North end, base lags in census responses

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With some areas of Camden falling behind state and national self-response rates for the 2020 Census, local committee members are looking for ways to reach citizens and helping them participate. As of June 3, online census data shows only about 30% of Woodbine residents have responded to the...

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With some areas of Camden falling behind state and national self-response rates for the 2020 Census, local committee members are looking for ways to reach citizens and helping them participate.

As of June 3, online census data shows only about 30% of Woodbine residents have responded to the questionnaire, compared to the state average of 56.7% and national average of 60.5%. The census tracts that include Kings Bay Naval Submarine Base (40.7%) and the north end of the county (44.09%) are also well below the county average of 57.2%.

Response rates for Kingsland and St. Marys currently stand at 62.4% and 63.3%, respectively. 

Increasing access

Georgia residents have received at least four mailings related to the census, but for the first time, responses are being recorded online. Enumerators from the Census Bureau will visit all nonresponsive households this summer to obtain responses. Due to concerns related to the coronavirus pandemic, it is encouraged that citizens respond at www.my2020census.gov, on paper, or by phone (844-330-2020) so those personnel must visit fewer households.  

The pandemic also has affected the strategies that the local Complete Count Committee had to address low self-response rates, according to Claire Feazel, chair. They now have a list of health and safety concerns to address along with reaching those citizens. 

"We're trying to figure out that part of it ... almost everything we had planned to do, we were not able to do," Feazel said. 

Woodbine City Administrator Samantha Young said she would have gone door to door throughout her city, but COVID-19 changed all of that. It also resulted in the cancellation of the Woodbine Crawfish Festival, which would have helped them reach more area citizens. 

"We are still in the early stages of figuring out what we can do," Young said. 

Because internet access is not as consistent on the north end of the county, the committee is hoping to arrange for computer tablets and a hotspot to be stationed at Woodbine City Hall as a free, accessible option for citizens. Details about that should be announced in the coming weeks.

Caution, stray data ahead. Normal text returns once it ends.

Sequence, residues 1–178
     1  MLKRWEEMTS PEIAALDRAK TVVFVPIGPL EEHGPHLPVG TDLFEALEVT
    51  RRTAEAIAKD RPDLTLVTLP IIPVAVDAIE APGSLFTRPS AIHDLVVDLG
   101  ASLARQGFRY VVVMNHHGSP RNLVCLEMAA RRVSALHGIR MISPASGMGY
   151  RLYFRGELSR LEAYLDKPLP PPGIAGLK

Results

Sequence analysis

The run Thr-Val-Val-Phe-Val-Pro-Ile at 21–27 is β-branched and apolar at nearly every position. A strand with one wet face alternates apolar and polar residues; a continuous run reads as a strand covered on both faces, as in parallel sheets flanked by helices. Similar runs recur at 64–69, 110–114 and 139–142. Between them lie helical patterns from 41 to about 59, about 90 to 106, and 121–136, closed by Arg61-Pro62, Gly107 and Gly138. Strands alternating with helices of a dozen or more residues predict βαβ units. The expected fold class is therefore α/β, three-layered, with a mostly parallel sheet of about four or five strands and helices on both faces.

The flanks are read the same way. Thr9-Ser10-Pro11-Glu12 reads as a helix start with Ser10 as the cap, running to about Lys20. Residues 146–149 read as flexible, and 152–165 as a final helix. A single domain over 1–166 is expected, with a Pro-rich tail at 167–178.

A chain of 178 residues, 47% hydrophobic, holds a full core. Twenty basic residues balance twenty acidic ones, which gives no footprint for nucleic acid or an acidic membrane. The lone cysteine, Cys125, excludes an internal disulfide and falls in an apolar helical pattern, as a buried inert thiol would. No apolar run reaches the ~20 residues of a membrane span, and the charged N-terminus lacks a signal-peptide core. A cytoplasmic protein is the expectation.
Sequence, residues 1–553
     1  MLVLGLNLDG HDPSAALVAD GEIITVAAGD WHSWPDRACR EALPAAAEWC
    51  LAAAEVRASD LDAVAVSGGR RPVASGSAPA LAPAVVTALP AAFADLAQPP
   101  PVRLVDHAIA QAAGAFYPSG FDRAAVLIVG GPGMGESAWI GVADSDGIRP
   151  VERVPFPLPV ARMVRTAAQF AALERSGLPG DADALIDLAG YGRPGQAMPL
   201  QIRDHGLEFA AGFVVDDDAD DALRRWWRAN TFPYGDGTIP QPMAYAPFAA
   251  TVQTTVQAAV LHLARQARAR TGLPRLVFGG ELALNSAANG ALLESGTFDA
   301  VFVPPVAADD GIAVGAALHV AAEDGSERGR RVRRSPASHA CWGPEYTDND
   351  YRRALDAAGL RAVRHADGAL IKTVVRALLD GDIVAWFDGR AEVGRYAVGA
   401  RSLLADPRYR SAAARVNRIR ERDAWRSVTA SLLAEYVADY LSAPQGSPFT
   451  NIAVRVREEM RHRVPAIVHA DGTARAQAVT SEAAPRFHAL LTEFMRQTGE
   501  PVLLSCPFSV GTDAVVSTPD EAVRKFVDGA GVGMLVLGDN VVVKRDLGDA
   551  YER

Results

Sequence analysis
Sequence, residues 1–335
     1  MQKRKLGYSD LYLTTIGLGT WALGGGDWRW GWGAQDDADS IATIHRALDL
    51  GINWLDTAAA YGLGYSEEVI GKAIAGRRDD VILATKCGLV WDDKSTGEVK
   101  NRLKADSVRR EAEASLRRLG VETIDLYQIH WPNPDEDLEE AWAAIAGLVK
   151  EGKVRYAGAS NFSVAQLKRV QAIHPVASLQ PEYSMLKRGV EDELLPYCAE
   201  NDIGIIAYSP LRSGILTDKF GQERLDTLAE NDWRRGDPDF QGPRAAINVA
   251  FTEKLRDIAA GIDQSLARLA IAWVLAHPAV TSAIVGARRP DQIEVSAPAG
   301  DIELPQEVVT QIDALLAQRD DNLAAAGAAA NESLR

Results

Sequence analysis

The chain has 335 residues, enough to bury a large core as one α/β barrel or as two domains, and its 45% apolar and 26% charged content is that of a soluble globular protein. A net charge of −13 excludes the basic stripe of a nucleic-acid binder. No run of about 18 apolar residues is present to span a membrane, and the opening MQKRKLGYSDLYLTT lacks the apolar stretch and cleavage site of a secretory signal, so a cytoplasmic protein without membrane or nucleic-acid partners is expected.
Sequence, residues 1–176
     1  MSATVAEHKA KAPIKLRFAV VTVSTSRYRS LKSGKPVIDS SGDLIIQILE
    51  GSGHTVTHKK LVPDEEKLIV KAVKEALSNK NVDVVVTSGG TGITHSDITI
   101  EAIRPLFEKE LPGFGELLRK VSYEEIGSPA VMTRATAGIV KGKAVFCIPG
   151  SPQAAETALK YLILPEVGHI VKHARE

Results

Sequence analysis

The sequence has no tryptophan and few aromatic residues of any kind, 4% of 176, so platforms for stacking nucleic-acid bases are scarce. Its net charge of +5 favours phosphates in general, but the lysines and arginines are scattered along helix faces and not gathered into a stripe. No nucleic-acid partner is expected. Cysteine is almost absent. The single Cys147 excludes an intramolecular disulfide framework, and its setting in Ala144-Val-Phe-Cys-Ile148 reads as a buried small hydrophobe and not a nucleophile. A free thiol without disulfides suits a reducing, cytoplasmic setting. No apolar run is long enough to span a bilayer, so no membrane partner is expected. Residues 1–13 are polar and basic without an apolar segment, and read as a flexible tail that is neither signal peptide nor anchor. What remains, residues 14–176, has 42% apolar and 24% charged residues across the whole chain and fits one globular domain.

In the meantime, Young said she is trying to get the word out. She is reassuring citizens that it is safe to participate in the census and that it does have a financial impact on the city for years to come.

Especially now, Young said, the city and county need to make sure they are getting every dollar for which they qualify and that is often based on population. 

Data equals dollars

If Camden County and its cities are undercounted in the census, it could mean the loss of federal funding and elected representation. 

The co-chairs of Georgia Complete Count Committee and the co-executive directors of Every.One.Counts issued a letter last month to remind Georgians that census data is used by 316 programs for direct federal funding. 

"These include Medicare and Medicaid, school lunches and health centers and programs like WIC and SNAP. We all know people who benefits from these programs," the letter stated. "Without claiming our share of federal funds, the cost of these critical services will be borne with state and local resources.”

Census data also affects how national congressional districts are drawn and, in some cases, how many representatives are allocated. 

"Why does this matter? After the 2010 Census, five rural state house districts and two rural state senate districts became urban districts because of population shift," the letter continued. "To ensure appropriate representation after Census 2020, be counted to preserve your political voice."

Feazel said the Camden County Complete Count Committee will be working with the different local governments to dig down into the neighborhood and help increases awareness of the census. 

"We really do want to county every person that we possibly can," she added.